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Bauhaus Lounger Erich Dieckmann ca 1930s

Rare and beautiful Bauhaus Lounger designed by Erich Dieckmann ca 1930.
Made of Rattan and Bamboo with steel parts that have a great patina.
In the armrest there is a cupholder and on the other side you can store your newspaper or magazine.

Almost a museum piece these days!

Erich Dieckmann was one of the preeminent furniture designers of the Bauhaus and, like Marcel Breuer, was experimenting with steel tubing, standardization, and geometric forms in the 1920s and 1930s. Dieckmann was born in present-day Poland in 1896. He studied architecture from 1918 to 1920 at the Technical University of Gdansk in Poland and served a carpentry apprenticeship at the Bauhaus in Weimar from 1921 to 1925. When the Bauhaus moved to Dessau in 1925, he remained in Weimar and became the head of the carpentry workshop at the State University of Applied Sciences until 1930.
Throughout the 1930s, he designed furniture as well as worked for various carpentry workshops and consulted for interior and craft design companies. Dieckmann’s furniture is often characterized by quality hardwoods, cane matting and geometric frames that link the armrests and legs, creating a unique runner construction. Designing affordable, enduring pieces that could be mass-produced was also one of his key efforts. Dieckmann passed away in Berlin in 1944, leaving behind an iconic body of Bauhaus-inspired seating.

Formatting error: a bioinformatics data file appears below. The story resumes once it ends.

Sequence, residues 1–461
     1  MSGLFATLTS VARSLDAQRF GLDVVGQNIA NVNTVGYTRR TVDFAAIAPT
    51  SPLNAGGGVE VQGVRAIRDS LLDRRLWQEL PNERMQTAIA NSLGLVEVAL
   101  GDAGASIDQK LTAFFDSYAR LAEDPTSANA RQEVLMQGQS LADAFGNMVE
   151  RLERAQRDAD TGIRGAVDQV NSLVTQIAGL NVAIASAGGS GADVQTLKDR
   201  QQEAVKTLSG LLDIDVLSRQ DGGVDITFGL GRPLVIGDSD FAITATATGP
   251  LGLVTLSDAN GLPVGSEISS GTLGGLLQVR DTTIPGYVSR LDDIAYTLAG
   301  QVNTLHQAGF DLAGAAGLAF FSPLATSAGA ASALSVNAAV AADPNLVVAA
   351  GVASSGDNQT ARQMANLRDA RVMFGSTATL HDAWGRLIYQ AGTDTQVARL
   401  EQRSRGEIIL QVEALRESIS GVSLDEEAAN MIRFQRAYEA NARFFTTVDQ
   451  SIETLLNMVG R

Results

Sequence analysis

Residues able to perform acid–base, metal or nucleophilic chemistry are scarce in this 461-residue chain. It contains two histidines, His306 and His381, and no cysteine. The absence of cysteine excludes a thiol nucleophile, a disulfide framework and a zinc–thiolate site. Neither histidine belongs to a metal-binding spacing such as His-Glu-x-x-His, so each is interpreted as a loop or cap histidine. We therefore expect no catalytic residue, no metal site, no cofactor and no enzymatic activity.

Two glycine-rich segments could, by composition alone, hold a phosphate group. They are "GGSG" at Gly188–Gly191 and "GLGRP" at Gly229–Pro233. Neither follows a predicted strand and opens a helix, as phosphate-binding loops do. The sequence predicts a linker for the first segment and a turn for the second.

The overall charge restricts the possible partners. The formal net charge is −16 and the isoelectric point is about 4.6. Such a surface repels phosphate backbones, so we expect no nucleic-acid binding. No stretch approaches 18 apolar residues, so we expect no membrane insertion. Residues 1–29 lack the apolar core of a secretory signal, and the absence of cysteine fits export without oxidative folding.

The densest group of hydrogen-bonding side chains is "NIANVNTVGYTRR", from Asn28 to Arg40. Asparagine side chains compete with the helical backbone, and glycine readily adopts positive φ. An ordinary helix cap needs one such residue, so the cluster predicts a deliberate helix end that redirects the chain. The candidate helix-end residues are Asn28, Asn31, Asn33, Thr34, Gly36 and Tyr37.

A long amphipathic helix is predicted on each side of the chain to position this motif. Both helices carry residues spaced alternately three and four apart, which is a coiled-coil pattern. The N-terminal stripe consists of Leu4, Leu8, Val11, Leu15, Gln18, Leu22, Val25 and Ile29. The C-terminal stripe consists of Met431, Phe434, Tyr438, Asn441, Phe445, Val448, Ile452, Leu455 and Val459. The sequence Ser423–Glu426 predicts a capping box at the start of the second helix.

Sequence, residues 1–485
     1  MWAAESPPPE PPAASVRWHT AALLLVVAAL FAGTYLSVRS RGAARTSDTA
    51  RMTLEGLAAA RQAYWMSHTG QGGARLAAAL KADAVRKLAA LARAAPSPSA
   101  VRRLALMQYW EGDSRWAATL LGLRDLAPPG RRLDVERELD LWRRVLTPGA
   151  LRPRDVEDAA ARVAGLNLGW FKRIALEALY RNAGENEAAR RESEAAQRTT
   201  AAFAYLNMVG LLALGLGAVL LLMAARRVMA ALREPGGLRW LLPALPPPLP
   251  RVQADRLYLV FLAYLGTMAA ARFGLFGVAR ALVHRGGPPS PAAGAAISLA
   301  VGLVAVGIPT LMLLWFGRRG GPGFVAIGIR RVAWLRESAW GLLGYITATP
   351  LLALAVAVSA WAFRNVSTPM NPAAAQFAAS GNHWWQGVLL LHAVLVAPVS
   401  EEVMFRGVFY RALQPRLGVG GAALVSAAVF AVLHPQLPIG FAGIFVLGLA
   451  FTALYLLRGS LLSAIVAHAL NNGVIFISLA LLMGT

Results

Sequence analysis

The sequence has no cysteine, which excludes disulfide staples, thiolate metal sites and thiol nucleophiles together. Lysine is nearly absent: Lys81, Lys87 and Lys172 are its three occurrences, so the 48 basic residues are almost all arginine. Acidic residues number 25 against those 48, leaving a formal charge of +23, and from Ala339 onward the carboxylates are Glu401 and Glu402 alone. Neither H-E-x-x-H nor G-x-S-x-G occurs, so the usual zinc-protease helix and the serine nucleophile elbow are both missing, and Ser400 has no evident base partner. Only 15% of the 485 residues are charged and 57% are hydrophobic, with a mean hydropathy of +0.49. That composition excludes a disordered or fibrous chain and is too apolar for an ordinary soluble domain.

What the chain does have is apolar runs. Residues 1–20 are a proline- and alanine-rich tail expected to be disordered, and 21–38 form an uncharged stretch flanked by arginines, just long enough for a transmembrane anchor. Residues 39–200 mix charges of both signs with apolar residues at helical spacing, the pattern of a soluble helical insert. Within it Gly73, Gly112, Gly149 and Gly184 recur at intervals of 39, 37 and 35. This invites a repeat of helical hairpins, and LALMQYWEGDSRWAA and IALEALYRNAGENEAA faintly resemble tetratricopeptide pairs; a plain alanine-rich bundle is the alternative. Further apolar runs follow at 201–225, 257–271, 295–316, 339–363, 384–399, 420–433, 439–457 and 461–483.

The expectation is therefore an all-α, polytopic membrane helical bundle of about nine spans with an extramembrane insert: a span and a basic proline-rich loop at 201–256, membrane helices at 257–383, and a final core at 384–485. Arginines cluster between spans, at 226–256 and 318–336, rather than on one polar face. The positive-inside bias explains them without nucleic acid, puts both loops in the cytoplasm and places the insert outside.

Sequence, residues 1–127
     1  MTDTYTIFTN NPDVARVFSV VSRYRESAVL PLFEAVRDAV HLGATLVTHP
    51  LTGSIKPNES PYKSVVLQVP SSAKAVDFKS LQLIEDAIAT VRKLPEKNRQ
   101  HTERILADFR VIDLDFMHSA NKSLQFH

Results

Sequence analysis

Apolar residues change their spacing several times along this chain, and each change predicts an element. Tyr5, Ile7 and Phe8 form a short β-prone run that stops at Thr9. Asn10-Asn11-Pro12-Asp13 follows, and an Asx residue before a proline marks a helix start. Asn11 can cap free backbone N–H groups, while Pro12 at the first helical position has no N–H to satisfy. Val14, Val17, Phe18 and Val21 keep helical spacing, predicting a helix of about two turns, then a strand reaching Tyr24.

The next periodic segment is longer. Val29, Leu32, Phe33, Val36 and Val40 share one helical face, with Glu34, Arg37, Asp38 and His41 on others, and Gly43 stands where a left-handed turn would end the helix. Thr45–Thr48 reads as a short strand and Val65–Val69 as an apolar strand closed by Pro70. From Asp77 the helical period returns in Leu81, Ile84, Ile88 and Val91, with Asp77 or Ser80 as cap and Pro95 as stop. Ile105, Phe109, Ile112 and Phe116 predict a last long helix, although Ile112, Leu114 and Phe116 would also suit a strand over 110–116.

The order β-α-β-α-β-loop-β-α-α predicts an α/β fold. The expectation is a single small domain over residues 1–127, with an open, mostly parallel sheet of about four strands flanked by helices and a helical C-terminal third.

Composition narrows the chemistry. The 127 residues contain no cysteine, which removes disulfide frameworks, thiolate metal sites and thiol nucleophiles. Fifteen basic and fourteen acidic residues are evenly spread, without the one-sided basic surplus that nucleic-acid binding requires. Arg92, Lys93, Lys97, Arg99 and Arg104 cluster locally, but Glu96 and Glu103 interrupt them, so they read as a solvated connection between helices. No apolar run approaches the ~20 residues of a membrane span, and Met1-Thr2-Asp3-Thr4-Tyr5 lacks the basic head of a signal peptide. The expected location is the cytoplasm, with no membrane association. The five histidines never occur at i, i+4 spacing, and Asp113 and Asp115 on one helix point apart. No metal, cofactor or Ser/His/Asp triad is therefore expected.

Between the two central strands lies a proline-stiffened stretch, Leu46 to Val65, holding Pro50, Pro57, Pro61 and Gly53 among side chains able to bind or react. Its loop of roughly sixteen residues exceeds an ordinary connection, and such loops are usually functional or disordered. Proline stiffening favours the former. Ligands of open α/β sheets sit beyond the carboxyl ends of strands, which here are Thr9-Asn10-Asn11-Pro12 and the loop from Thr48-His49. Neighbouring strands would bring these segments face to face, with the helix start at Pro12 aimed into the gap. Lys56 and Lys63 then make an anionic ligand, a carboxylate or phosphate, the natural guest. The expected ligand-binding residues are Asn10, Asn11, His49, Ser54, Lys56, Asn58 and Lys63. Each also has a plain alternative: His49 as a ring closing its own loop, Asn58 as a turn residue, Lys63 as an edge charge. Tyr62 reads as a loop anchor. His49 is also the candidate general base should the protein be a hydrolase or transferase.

* AVAILABLE as from July 2024 * PRICE on request *

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Original Rare Bauhaus Armchair by Erich Dieckmann 1925

This is a rare and original Bauhaus armchair by Erich Dieckmann.
Erich Dieckmann was one of the most important furniture designers at the Bauhaus, developing type ranges for seat furniture. Like Marcel Breuer, Erich Dieckmann experimented with steel tubing but is primarily known for his standardized wooden furniture. Dieckmann’s designs for seat furniture are stringently geometric, with frames based on right angles and constructed of almost pieces of wood that were either almost square in cross section or flat; another feature typical of Dieckmann’s work is linking armrests and chair legs in a runner construction.
By using quality hardwoods such as beech, cherry, oak, and ash as well as cane matting, Dieckmann loosened up the stringent geometry of his designs; on the other hand, however, standardisation and normed proportions were to keep the prices of these mass-produced pieces of furniture as low as possible.

We have deliberately not done anything to the chair so that it is completely in its original condition. The papercord is broken in the back at a place near the handrail as you can see in the pictures. The paint is flaky.

Height: 29.14 in. (74 cm)
Width: 22.45 in. (57 cm)
Depth: 26.38 in. (67 cm)
Seat Height: 13 in. (33 cm)